in the cahoots


in the cahoots


  • to do something in hiding or secret because it is morally or socially not acceptable
  • in league, but usually referred as a negative thing
  • a disreputable partnership

Example Sentences

  1. It is usually the close circle of celebrities who are in the cahoots with the paparazzi. This is how celebrity outings are caught on tape so often.
  2. The lawyer was in the cahoots with the criminal in this case. It is unfortunate that they won the case.
  3. The businessman bought the stocks after market in the cahoots with some dealers who promised to get him rid of black money.
  4. It is speculated that the man was in the cahoots with the killer of his wife but the police have no evidence to back this claim yet.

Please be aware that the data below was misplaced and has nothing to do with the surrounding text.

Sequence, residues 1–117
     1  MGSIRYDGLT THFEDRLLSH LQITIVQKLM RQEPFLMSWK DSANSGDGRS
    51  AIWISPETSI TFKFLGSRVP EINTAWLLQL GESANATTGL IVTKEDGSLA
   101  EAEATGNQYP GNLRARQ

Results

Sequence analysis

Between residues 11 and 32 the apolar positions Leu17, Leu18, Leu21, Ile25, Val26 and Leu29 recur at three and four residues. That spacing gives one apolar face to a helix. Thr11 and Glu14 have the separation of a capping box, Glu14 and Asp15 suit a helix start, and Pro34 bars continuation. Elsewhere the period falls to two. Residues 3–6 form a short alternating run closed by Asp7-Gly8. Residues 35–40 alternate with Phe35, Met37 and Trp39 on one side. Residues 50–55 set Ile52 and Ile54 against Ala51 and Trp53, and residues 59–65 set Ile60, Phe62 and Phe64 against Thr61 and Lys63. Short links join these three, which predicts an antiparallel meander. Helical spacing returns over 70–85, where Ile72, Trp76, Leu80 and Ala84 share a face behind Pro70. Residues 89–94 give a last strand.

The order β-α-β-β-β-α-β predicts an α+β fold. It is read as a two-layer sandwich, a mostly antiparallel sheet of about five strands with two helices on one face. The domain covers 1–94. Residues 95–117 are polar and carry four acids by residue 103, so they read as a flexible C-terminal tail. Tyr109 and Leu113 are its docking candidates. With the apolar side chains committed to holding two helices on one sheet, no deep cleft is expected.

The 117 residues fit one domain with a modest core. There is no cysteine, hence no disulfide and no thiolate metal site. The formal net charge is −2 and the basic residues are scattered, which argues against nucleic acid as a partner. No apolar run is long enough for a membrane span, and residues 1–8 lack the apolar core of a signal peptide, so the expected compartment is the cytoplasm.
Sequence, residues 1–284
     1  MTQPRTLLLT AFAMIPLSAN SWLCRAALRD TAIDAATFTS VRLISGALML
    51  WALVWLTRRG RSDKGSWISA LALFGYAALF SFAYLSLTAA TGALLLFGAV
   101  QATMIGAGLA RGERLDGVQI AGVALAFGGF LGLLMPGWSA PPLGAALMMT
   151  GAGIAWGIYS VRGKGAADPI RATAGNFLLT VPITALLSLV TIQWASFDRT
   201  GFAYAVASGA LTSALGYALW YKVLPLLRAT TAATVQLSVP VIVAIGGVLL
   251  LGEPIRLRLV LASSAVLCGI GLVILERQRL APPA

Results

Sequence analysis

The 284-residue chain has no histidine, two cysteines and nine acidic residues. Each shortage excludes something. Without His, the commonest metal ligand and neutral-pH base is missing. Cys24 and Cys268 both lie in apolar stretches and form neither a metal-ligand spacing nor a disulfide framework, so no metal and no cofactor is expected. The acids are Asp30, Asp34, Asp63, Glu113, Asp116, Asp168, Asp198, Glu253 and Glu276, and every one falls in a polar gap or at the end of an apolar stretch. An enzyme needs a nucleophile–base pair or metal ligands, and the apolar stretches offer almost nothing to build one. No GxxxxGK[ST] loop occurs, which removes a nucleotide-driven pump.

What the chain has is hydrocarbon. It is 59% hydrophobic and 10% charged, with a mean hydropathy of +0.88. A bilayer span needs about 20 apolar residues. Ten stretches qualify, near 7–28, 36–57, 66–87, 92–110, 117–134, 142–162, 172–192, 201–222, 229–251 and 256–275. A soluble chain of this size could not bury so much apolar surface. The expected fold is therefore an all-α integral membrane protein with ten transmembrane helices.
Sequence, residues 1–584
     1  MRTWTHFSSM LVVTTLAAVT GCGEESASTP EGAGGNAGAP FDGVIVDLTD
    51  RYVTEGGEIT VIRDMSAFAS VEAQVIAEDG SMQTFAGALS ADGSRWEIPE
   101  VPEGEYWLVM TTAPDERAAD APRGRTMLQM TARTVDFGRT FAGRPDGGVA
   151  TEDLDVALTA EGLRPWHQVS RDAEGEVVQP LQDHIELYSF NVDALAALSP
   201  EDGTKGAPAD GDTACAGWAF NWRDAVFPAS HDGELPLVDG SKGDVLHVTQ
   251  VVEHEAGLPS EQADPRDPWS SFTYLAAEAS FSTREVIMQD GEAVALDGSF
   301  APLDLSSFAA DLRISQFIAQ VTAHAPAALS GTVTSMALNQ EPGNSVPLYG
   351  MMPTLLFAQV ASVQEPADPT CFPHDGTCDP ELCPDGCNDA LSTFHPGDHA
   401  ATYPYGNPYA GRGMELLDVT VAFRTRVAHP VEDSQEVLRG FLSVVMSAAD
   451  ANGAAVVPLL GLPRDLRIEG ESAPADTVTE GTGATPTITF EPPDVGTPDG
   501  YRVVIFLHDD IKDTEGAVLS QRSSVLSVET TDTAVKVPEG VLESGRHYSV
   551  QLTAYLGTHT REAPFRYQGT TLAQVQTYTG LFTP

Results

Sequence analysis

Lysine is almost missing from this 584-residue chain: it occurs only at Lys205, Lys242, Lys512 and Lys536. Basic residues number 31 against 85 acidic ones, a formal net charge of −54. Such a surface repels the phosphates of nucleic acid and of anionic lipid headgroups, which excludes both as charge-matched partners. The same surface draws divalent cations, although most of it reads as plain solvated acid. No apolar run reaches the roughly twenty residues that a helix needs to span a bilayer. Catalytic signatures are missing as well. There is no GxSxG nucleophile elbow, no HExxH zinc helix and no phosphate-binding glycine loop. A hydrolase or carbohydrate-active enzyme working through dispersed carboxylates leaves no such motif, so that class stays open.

5. She is in the cahoots with her family to show him down.
  6. Premier league players are in the cahoots with big business houses for more deals than just endorsing their products.
  7. It has been suspected that several football players were in the cahoots with big business houses.


The word cahoots is speculated to come from the French word ‘cahute’ meaning hut or cabin. The phrase is hence speculated to come from deals taking place in closed and hidden environments. The literary origin of this phrase cannot be traced accurately.


To go cahoots – although this phrase is used for partnerships in a positive light.

Share your opinions1 Opinion

I believe that the correct expression is “in cahoots.” The definite article is not part of this idiom.

‒ Charles Cairns October 20, 2021

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